This upsetting story came to my attention. It’s another example of an all-too-common pattern: Lolade Siyonbola, a black graduate student at Yale, was detained, hassled and humiliated by police after a white student found her asleep in a dorm common area, told her she wasn’t supposed to be there, then called the cops.
Now, according to the Yale Daily News and other outlets, I’m hearing to my shock that the white student in question was Sarah Braasch, who’s written several guest posts for Daylight Atheism in the past. (Siyonbola posted videos of the whole confrontation on Facebook.)
To be clear, I absolutely don’t condone calling the police on a peaceful, law-abiding person of color, especially not because their mere presence makes a white person feel threatened. Sarah is a personal acquaintance and a friend of mine, but what she did in this situation was a grievous moral error, and I’m not defending it. What makes it worse is that, according to the Yale Daily News story and Siyonbola’s account, this isn’t the first confrontation of this kind that she’s instigated.
This is a pattern of prejudice that’s still prevalent in our society. There are countless stories of white people summoning the police to harass and arrest people of color who were peacefully shopping, or driving, or sitting in a Starbucks, or sitting in their own car and reading, or waiting for a bus, or jogging, or walking, or touring a college campus, or renting a house, or almost any other mundane activity. And while this particular story ended with no physical harm done, others like it ended violently and tragically: Tamir Rice, Sandra Bland, Eric Garner, and too many others.
For this reason, I believe that when a person of color is involved, all white people have a moral duty to treat the police as an absolute last resort, ideally reserved for cases of imminent and serious danger. Throughout American history, the police have been de facto enforcers of white supremacy, coming to hassle and bully minorities on the whim of a white person. (That was evident in this story – the Yale police should have just asked Siyonbola whether she was a student, got a yes and then left, rather than interrogating her as a presumptive intruder.) All too often, they turn out to be belligerent and trigger-happy and escalate minor matters rather than resolving them.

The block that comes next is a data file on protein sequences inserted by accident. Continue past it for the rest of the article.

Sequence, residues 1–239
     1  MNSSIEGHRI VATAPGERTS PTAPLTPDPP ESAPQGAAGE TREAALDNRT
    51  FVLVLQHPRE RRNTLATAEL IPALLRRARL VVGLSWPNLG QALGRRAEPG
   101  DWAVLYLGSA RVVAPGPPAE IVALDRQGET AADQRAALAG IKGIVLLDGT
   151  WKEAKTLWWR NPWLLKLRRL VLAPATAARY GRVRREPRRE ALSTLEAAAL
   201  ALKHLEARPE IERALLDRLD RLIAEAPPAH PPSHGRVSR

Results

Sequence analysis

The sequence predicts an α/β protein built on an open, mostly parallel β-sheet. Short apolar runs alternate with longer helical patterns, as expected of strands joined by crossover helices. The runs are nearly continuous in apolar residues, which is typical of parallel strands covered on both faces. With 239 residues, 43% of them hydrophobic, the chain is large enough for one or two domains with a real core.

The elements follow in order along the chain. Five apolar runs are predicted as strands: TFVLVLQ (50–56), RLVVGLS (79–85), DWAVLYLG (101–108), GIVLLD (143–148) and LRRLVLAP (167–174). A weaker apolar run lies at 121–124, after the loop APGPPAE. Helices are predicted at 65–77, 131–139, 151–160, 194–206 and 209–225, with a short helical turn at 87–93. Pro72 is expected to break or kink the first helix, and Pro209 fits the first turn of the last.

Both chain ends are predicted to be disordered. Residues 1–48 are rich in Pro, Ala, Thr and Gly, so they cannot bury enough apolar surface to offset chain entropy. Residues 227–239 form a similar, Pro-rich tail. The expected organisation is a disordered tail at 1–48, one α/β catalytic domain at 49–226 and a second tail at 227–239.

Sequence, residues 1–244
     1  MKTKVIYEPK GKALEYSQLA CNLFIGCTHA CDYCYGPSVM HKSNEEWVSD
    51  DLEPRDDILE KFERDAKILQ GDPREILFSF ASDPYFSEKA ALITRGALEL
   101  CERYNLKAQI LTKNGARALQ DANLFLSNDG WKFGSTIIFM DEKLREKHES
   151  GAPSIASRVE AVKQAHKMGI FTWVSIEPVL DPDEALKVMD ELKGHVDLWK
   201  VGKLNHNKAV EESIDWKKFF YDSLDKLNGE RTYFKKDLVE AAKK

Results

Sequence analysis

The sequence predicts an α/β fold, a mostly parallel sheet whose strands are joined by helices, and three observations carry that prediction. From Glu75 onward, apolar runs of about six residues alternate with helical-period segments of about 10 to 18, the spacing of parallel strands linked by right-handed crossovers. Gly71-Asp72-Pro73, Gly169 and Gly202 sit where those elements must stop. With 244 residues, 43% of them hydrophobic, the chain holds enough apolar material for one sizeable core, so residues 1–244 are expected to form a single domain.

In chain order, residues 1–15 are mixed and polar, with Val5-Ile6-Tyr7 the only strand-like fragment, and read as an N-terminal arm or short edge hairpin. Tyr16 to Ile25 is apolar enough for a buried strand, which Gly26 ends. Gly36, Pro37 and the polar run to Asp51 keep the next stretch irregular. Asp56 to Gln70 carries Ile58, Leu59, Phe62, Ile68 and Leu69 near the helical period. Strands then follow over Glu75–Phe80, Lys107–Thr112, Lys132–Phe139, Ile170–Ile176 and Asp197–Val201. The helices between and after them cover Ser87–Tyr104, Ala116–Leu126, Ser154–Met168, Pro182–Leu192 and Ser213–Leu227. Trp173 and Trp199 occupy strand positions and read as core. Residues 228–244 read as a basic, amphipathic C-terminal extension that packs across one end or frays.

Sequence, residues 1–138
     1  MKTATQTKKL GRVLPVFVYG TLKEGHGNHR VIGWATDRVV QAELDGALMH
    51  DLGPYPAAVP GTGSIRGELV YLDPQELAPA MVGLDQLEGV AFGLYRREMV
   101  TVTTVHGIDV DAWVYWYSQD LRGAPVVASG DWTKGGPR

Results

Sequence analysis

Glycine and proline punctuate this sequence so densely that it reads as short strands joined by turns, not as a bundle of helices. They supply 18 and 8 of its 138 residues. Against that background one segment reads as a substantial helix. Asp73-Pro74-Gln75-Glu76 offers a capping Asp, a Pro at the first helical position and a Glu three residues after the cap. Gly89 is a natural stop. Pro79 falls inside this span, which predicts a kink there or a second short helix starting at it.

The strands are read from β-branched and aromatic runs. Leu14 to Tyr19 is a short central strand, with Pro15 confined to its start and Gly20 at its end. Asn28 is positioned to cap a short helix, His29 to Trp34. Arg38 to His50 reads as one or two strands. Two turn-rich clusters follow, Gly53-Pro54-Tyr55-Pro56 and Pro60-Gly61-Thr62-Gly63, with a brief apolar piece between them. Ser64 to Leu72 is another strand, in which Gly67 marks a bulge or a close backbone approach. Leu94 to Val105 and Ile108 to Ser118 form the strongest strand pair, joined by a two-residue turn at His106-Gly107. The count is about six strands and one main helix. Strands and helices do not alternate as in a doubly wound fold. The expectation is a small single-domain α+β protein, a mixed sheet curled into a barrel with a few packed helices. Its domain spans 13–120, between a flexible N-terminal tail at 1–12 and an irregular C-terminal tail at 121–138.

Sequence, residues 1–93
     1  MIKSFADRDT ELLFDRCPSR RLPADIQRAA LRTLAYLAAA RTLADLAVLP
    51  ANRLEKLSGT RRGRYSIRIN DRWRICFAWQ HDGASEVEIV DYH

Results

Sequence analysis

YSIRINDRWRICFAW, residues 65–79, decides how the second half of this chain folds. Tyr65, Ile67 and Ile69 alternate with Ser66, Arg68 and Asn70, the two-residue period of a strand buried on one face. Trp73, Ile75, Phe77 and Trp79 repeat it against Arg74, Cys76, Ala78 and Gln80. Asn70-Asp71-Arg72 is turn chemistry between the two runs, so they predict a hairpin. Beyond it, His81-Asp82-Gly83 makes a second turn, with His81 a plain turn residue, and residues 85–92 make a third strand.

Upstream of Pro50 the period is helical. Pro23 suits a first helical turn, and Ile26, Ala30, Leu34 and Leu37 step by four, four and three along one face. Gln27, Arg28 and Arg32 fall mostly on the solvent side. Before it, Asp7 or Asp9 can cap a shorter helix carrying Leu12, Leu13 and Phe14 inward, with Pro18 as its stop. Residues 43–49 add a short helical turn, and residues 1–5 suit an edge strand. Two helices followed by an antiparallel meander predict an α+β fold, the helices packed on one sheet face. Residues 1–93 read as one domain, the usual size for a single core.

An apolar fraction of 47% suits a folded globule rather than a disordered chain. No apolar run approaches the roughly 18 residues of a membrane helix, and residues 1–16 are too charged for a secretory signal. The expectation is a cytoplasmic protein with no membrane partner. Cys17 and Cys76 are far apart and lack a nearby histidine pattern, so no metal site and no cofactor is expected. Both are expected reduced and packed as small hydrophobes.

America’s history of racism, in its many manifestations, is something that all atheists and humanists need to be more aware of. We need to learn about and familiarize ourselves with the deep-rooted problems that civil-rights movements like Black Lives Matter arose to combat: housing segregation, racially biased drug laws and mass incarceration, police brutality and militarized over-policing, the whitewashing of the Confederacy, and more. Until we’re closer to true equality, we have to remind ourselves of this on a regular basis.
I’ve criticized big-name atheists for promoting racist pseudoscience, written about how pervasive implicit bias is, and stressed the importance of making a space for people of color in the secular community specifically. But, clearly, we have a lot of work left to do.
I’m not going to delete any of Sarah’s guest posts, unless she asks me to (which would be her right to do, since the copyright remains with her). Her views are hers and don’t necessarily represent mine. For instance, she’s written about her support for banning the burqa, which is a view I don’t agree with, but I also don’t think it’s completely outside the bounds of discussion.
I welcome feedback and discussion, but I’ll be monitoring the comments and will delete any that are threatening, sexist or gratuitously abusive. I’ve closed the comments on one of her earlier guest posts due to a flood of comments of this type.